Snapchat is one of the most popular social media services right now, with users sharing more photos on the platform than both Facebook and Instagram. Because it has reached such a massive scale, it’s more important than ever for users to be mindful of security while using the self-destructing photo app.
The “Snappening” — 200,000 Images Leaked
Last October, some 200,000 Snapchat photos were obtained by hackers and released publicly on the Web. The incident was dubbed the “Snappening” — a nod to the Fappening, the name given to the massive iCloud celebrity photo leak that occurred in September. Snapchat immediately responded to the news, noting that its servers were not breached and that the fault lies on unauthorized third-party apps:
Shortly thereafter, third-party app Snapsaved stepped forward and took responsibility for the hack, noting that it resulted from a server misconfiguration on their part. Snapsaved immediately shut down its website and database to prevent further hacking attempts.
What can we learn from this? Quite simply, don’t use unauthorized third-party apps for Snapchat — or any service, for that matter. Snapchat has the resources to keep your photos and data safe from prying eyes, while the developers of small third-party apps do not.
But just because you’re not using a third-party app doesn’t mean your photos will vanish into oblivion…
Snapchat Photos Don’t Really “Disappear”
I don’t want to dog on Snapchat here — I’m a fan of the app — but it’s important for users to understand what’s going on under the hood when they send and receive “vanishing” messages.
In order to view a photo on Snapchat, there must be an image file somewhere, right? Well, it turns out that Snapchat doesn’t delete that image file from your device after it expires.
As you can see in the video above, it’s not too hard to recover expired Snapchat images using a simple file browser. And, unlike taking a screenshot, this method is untraceable. But it’s not just the recipient you need to worry about — it is theoretically possible for some malicious code to locate and extract those files from your device without your knowledge. This is an unlikely scenario, mind you, but it’s definitely within the realm of possibility.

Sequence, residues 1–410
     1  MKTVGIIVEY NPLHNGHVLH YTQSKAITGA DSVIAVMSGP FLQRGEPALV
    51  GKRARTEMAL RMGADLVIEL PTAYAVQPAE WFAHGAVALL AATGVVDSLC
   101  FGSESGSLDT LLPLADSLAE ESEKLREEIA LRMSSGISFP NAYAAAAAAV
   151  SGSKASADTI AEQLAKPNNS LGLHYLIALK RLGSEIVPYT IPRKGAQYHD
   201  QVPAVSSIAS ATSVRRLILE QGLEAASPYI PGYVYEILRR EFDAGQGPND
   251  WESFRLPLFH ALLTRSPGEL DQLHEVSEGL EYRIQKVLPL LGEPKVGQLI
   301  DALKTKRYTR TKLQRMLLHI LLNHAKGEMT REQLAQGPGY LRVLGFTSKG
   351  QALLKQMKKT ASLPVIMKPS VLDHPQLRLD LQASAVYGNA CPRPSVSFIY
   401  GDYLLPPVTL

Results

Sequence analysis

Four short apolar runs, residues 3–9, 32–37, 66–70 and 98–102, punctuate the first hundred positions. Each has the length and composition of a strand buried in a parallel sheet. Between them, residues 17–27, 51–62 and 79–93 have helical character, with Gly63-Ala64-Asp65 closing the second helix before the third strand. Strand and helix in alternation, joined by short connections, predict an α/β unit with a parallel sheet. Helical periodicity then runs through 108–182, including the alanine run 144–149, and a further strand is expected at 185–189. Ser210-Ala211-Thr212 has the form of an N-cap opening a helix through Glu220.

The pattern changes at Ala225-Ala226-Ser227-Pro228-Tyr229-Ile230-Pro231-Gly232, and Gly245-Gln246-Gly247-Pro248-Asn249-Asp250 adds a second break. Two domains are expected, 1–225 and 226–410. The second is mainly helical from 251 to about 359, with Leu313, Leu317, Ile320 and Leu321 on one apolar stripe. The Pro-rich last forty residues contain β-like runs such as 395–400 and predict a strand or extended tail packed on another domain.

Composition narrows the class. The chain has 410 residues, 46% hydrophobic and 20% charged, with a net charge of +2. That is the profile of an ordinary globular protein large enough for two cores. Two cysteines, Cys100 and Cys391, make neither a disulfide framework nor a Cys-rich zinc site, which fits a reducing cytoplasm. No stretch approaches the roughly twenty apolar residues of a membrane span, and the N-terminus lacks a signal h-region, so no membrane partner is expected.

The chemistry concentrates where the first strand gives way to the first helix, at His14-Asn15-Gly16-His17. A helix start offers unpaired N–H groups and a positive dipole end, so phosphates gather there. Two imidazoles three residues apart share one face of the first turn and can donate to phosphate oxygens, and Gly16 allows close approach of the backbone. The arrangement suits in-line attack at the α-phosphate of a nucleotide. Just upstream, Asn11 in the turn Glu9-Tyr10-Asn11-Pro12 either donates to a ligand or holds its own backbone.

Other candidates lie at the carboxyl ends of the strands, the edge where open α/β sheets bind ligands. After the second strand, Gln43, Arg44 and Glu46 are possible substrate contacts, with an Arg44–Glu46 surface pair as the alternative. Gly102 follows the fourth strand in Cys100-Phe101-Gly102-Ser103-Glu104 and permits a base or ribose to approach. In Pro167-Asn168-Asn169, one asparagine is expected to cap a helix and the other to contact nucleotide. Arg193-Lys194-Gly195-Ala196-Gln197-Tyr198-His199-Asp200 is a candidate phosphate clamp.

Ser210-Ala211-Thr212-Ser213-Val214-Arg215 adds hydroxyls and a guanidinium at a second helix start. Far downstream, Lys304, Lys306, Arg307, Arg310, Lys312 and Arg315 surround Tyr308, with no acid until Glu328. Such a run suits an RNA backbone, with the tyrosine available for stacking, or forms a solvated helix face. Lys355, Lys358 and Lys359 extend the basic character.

The lesson here is obvious: Snapchat is not a safe-haven for your most private communications. It’s not a good idea to share anything there that you wouldn’t want the world to see.
Why You Shouldn’t View Leaked Snapchat Photos
When things like the Snappening happen, the Internet explodes with coverage of the incident — often linking to various places where you can view the stolen images. You probably shouldn’t do that, though.
There are obvious ethical problems with downloading and viewing leaked images — if you weren’t the original recipient, they’re not for your eyes — but if that’s not enough to stop you, perhaps legal trouble is.
By some estimates, 50 percent of Snapchat users are between the ages of 13 and 17. This means any mass release of stolen Snapchat images is likely to contain child pornography. People who downloaded the Snappening files confirmed this.
One 4chan user had this to say:
I highly suggest you don’t download this shit. I deleted it as soon as I saw how much [child pornography] there is on it, don’t be a part of the snappening, don’t seed it, don’t share it, just get rid of it.
Anyone found to be in possession of such images are subject to child pornography charges in the U.S. and a number of other countries.
You Can Use Snapchat Safely
Once again, the most important thing you can do to use Snapchat safely is avoid sharing anything that could ruin your life or embarrass you if it got leaked. It’s also wise to avoid unauthorized third-party apps, as they present an unnecessary security risk. And please, for the love of all that is holy, don’t download or view stolen Snapchat photos!
Do you use Snapchat? What do you think about the Snappening? Do you have any other tips to add? We’d love to hear your thoughts in the comments below!